341

We've Come This Far by Faith

Scripture References

Thematically related:

Further Reflections on Scripture References

In a manner similar to many of the Old Testament lament psalms, this text affirms God's saving power in the past; God's compassion and providential care for his people throughout history give us hope for the future. Thus the text becomes a marker or milestone on life's journey: "we've come this far by faith, leaning on the Lord" (1 Sam. 7:12, 'Thus far has the Lord helped us"). With confidence in the Lord's help we can go forward and face "burdens . . . misery and strife."

Confessions and Statements of Faith References

Further Reflections on Confessions and Statements of Faith References

This song includes a plea and a prayer seeking God’s leading and care. Those who seek this leading can know that the Holy Spirit always aims to provide just such care for the believer. He not only renews our hearts, but also “leads us into truth, and helps us to pray, stands by us in our need, and makes our obedience fresh and vibrant” (Our World Belongs to God, paragraph 29).

341

We've Come This Far by Faith

Tune Information

Name
WE'VE COME THIS FAR
Key
F Major
Meter
Irregualr

Recordings

341

We've Come This Far by Faith

Hymn Story/Background

In a manner similar to many of the Old Testament lament psalms, this text affirms God's saving power in the past; God's compassion and providential care for his people throughout history give us hope for the future. Thus the text becomes a marker or milestone on life's journey: "we've come this far by faith, leaning on the Lord" (1 Sam. 7:12, “Thus far has the Lord helped us”). With confidence in the Lord's help we can go forward and face "burdens . . . misery and strife."
 
Goodson’s gospel song was included in the African American hymnal Lift Every Voice and Sing (1981). The printed score of gospel songs only conveys a guideline to actual performance; improvisation is the operative word! The congrega­tion should sing the refrain (framed by "We've come this far by faith") aided by a choir who could improvise a harmony part. A soloist could sing the stanza ("Don't be discouraged. . .") with additional improvisation in the melody line and accompani­ment. Try accompanying with piano, guitars, and percussion instruments. Don't rush!
— Bert Polman

Composer Information

James Abbington, currently Associate Professor of Church Music and Worship at Candler School of Theology, Emory University in Atlanta, GA, was previously a professor of music in the Department of Fine Arts at Morgan State University. Prior to his tenure in Baltimore he was Associate Professor of Music and Chair of the Department of Visual and Performing Arts at Shaw University in Raleigh, NC (1998–2003). He is also the Executive Editor of the African American Church Music Series published by GIA Publications, Inc. of Chicago and has served as co-director of the annual Hampton University Ministers’ and Musicians’ Conference since 2000.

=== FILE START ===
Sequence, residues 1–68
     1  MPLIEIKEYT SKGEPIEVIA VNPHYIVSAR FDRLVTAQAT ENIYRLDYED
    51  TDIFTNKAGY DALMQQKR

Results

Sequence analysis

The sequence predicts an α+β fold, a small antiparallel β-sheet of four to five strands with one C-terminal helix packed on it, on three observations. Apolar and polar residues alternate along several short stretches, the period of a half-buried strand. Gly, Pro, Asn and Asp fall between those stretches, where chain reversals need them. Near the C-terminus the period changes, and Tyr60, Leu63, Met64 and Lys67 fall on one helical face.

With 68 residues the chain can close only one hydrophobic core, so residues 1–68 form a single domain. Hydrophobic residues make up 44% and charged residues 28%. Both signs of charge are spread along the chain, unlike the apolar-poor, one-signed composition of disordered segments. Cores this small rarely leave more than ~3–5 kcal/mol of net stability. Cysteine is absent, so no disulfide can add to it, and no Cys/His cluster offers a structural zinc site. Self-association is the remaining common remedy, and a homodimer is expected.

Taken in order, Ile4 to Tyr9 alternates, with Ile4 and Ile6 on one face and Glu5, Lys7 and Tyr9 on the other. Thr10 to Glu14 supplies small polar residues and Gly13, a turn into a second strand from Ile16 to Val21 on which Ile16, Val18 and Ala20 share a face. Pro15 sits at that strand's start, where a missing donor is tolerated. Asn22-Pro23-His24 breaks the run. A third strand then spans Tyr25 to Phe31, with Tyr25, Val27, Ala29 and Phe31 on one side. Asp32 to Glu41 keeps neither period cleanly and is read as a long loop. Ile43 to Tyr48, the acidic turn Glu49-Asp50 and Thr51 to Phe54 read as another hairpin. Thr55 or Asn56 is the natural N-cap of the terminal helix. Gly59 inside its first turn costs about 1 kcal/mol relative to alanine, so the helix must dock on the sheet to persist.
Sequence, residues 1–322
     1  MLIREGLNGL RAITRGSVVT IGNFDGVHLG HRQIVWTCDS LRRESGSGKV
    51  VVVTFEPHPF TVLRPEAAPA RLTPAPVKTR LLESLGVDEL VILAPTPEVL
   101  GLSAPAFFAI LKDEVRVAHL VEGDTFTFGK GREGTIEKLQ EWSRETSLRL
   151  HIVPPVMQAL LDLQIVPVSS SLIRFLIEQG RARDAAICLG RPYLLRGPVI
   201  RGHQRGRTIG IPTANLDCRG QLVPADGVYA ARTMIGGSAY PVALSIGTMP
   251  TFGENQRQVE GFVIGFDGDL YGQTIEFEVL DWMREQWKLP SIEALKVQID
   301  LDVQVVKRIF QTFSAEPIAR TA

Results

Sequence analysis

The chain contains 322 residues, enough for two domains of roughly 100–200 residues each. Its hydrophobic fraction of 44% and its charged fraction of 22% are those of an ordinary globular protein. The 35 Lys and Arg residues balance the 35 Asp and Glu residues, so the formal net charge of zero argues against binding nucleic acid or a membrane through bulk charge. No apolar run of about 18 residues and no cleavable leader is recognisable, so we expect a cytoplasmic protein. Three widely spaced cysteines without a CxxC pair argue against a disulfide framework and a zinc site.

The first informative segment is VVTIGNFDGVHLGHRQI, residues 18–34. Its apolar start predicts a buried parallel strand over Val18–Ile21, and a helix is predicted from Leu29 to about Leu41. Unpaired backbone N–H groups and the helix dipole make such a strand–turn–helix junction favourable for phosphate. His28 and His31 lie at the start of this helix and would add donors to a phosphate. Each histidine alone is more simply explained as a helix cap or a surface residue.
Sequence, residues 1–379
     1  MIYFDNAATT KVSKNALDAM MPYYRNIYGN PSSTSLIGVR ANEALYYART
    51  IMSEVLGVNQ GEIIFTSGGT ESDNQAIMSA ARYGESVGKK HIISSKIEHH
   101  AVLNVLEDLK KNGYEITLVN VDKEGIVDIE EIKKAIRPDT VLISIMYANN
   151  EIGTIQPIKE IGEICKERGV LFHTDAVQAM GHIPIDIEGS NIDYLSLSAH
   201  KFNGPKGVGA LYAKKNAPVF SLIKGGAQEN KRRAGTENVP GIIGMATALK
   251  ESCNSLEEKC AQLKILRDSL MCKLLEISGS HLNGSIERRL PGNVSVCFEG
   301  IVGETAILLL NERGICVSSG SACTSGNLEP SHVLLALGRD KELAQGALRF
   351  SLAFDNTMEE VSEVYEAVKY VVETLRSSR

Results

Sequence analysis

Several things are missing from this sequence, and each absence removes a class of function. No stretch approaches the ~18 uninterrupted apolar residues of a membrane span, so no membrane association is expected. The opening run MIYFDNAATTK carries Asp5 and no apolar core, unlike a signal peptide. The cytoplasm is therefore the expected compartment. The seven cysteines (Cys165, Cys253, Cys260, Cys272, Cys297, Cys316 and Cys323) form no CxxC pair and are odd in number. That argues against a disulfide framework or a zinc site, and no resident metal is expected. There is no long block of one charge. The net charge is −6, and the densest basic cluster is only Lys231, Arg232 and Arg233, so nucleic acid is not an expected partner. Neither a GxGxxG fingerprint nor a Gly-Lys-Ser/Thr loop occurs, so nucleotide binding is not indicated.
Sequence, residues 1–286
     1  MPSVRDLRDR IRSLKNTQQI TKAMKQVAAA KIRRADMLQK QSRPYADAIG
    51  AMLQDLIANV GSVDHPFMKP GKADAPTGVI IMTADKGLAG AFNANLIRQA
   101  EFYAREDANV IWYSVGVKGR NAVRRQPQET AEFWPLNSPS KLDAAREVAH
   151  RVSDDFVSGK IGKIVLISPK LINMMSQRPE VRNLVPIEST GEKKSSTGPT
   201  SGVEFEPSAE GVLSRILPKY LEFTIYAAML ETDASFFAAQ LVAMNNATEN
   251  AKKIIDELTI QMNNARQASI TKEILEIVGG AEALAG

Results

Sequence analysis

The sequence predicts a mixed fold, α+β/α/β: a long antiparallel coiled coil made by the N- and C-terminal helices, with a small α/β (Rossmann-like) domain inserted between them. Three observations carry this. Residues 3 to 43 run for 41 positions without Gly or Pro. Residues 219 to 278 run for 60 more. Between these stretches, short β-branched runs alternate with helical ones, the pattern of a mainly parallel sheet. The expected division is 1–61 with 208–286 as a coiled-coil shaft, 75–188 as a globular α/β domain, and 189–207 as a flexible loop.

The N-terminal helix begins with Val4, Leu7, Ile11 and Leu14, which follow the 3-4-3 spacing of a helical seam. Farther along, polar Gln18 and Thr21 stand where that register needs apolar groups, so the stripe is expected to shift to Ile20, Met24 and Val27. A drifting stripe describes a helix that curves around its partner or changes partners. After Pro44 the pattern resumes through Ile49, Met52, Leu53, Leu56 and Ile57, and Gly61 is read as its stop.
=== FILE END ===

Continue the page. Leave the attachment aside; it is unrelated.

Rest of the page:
Dr. Abbington is a former member of the Executive Committee of the Hymn Society in the United States and Canada, as well as a member of the Grants Advisory Board for the Calvin Institute for Christian Worship at Calvin College in Grand Rapids, Michigan, funded by the Lily Endowment.
 
Dr. Abbington is a graduate of Morehouse College in Atlanta, Georgia where he received the Bachelor of Arts Degree in Music and was a student of the late Dr. Wendell P. Whalum and Dr. Joyce Finch Johnson. He earned the Master of Music and Doctor of Musical Arts Degrees in Church Music and Organ from the University of Michigan at Ann Arbor where he was a student of Marilyn Mason.
 
Dr. Abbington served as Minister of Music and Church Organist of the Hartford Memorial Baptist Church in Detroit from 1983–1996. He was National Director of Music for the Progressive National Baptist Convention, Inc. from 1990–1994 and National Music Director for the NAACP from 1988–1992.
 
He is the author of Let Mt. Zion Rejoice! Music in the African American Church (Judson Press), Readings in African American Church Music and Worship (GIA Publications, Inc.), co-author of Waiting to Go! African American Church Worship Resources from Advent through Pentecost (GIA), and Going to Wait! African American Church Worship Resources between Pentecost and Advent (GIA); he edited Dr. Wyatt Tee Walker’s Spirits that Dwell in Deep Woods: The Prayer and Praise Hymns of the Black Religious Experience (GIA), is an associate editor of the best-selling African American Heritage Hymnal (GIA) and compiled and edited New Wine In Old Wineskins: A Contemporary Congregational Song Supplement (GIA).
— GIA Publications, Inc. (http://www.giamusic.com)

Author and Composer Information

Albert A. Goodson (b. Los Angeles, CA, 1933) wrote both text and tune in 1956 for the Radio Choir of the Fellowship Baptist Church in Chicago, Illinois, where he served as minister of music. The hymn was published as a gospel anthem by Manna Music III 1963. Goodson received his education at the University of California in Los Angeles and served Baptist churches in the Los Angeles area as well as the Fellowship Baptist Church in Chicago. As organist and pianist, he toured with Mahalia Jackson and has been a prominent figure in the development of African American gospel music.
— Bert Polman
Hymnary.org does not have a score for this hymn.
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